Gems

hexagons

Something that struck me powerfully the first time I played Super Hexagon, and which has always hovered at the back of my mind as I play it, is how easily it could have been a different game.

Most games are significantly more complex, and that complexity comes at a price: Game systems interlock, and one cannot change one of those systems without risking the whole house of cards coming down. Super Hexagon is different though, elementary in a fairly literal sense– it is probably one of the smallest games one can make and still have it be considered a game.

Because Super Hexagon is so small and simple and elegant, one can easily conceive of a nearly infinite number of slight variations, and there’s no convincing reason why most of them wouldn’t be just as good. For instance, the starting difficulty level demonstrates that the basic gameplay works with a pentagon or a square, why not a heptagon or octagon? Or, better yet, a circle? One could easily conceive of a game with the same basic gameplay but with arc sections coalescing instead of hexagon walls. Call it Shell, or perhaps Jawbreaker…

I hope you like radial symmetry and carpal tunnel syndrome!

I hope you like radial symmetry and repetitive stress injury!

Or, instead, why not a single button version? Why not design it so that all of the segments are navigable by a series of starts and stops, and call it Spiral? Or don’t make it single-direction, make it so the player starts out going one direction, the single-button changes the direction the player is moving, and call it… well, I can’t think of a good name for that one, but that’s not important. The salient point here is that because the system is so elementary, so simple, we can change it to our heart’s content and, most likely, still have a pretty good game.

And, in fact, we have an example of basically this exact thing happening in a different design paradigm: Match 3 games.

“…a large number of games can be described with very few parameters, and a history of the genre can therefore serve as a model for understanding more complicated game genres…”

The above quote is from an article by Jesper Juul exploring the history of this genre, and is an observation strikingly similar to that which I’ve just made regarding Super Hexagon. He goes on to describe a number of common parameters between such Match-3-type games, and indeed between casual games in general:

Sound familiar? Only two parameters mentioned here are absent in Super Hexagon: Mouse control and positive feedback.

Mouse control

Mouse control

First, an exercise: If you’ll care to take a look at the steam forum for Super Hexagon, how far down do you have to look before you find a topic complaining about the lack of mouse support? At the time of this writing, the most recent post on the subject is the third one down. This actually ties into my earlier point: One could create a version of Super Hexagon designed to work well with analog controls and it would play just fine.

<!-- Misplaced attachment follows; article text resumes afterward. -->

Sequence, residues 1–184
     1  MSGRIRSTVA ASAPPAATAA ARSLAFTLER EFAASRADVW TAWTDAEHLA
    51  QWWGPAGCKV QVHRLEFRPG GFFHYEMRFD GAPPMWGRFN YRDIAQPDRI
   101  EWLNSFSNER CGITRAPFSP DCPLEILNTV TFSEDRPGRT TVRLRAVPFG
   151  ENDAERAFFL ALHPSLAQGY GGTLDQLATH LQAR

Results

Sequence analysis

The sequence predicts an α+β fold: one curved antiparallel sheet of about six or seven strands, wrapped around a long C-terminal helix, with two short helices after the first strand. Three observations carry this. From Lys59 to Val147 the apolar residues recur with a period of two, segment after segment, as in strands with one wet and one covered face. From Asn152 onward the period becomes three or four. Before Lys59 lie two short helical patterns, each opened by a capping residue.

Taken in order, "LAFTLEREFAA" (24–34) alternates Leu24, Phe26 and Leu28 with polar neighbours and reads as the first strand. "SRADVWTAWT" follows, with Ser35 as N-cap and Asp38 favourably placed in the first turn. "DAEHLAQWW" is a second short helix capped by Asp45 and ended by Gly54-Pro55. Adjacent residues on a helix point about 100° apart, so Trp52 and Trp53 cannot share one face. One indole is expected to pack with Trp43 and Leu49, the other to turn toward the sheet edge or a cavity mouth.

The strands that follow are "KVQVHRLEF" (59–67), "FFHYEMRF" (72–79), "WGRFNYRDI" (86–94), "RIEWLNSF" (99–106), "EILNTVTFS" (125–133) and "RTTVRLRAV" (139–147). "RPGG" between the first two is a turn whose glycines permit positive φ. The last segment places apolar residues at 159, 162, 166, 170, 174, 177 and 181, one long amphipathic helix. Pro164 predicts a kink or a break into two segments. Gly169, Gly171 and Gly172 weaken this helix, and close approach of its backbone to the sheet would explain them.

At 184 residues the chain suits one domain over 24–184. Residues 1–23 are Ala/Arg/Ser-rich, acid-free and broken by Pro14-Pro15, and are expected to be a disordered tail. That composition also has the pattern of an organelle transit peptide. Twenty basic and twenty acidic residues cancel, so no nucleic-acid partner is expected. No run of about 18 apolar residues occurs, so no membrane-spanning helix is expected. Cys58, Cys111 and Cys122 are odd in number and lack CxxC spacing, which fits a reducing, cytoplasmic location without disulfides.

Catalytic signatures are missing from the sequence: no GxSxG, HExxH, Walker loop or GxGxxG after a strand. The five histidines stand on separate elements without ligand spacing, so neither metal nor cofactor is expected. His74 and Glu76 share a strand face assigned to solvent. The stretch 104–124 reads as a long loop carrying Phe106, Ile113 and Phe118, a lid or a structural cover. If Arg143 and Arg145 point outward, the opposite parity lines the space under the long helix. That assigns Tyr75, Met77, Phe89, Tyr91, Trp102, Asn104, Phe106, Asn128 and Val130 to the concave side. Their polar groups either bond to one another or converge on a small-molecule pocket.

Second, and I believe this is very telling, is the lack of overt positive feedback. This is one facet of Super Hexagon, I think, which would actually be extremely dangerous to change. The heart of Super Hexagon is in the purity of its challenge and the accomplishment that comes with completing that challenge: pinning a bunch of tacky and extraneous awards onto that would achieve nothing but undermining the genuine sense of achievement that the game offers.

I find this an extraordinarily interesting parallel to draw because no one would accuse Super Hexagon of being a casual game. Between its abstract graphics, its uncompromising difficulty, and its fairly stringent physical demands it clearly positions itself as a gamer’s game. So, when these Match 3 games and Super Hexagon are appealing to such different audiences, and trying to challenge the player in such different ways, why does this significant similarity in approach emerge, and how does that relate to the elemental nature of these games?

Because the games are so simple, extraneous elements become obvious very quickly. Cut-scenes and other tacked on story elements are ludicrous, arbitrary gating systems become transparent in their obnoxiousness, mini-games are out of the question: The games are about the games themselves, because there’s no room for anything else in the framework.

(It is amusing and perhaps telling to note at this point that these ‘casual games’ are also, historically, the ones which are considered ‘not real games’ by many gamers.)

When you’re engaging the player with such a simple game, if they have to spend so much time interacting fairly directly with the game’s mechanics, you have to smooth out the surface of their interaction as much as possible so that it rarely grates against them. Casual games have traditionally approached this challenge by applying polish until the game’s surface is perfectly glossy and smooth– however, Super Hexagon has approached it by sanding the game’s surface down until it is, once again, perfectly smooth– if, perhaps, somewhat less glossy.

There are an infinite number of tidy tiny little game gems we could make, little Super Hexagons and Tetris’s, beautiful and compelling with no need to rely on the extraneous elements of context and meaning. Will you make it sparkle?

Or perhaps you would prefer a deeper, duller shine, less eye catching, but, like Super Hexagon, full of enigmatic beauty…

Rose_Amber_Flush_20070601

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